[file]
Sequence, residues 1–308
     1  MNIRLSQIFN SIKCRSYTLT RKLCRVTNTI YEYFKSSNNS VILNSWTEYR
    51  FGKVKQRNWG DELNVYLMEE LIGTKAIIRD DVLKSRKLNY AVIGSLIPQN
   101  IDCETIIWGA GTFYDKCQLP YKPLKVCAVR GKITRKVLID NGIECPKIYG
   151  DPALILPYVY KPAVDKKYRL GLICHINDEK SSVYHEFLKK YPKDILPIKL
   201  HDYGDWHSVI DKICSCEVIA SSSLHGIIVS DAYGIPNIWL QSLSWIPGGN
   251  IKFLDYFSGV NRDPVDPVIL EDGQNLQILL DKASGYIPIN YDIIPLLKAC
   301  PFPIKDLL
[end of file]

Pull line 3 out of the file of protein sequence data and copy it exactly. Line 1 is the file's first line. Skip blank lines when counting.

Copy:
    51  FGKVKQRNWG DELNVYLMEE LIGTKAIIRD DVLKSRKLNY AVIGSLIPQN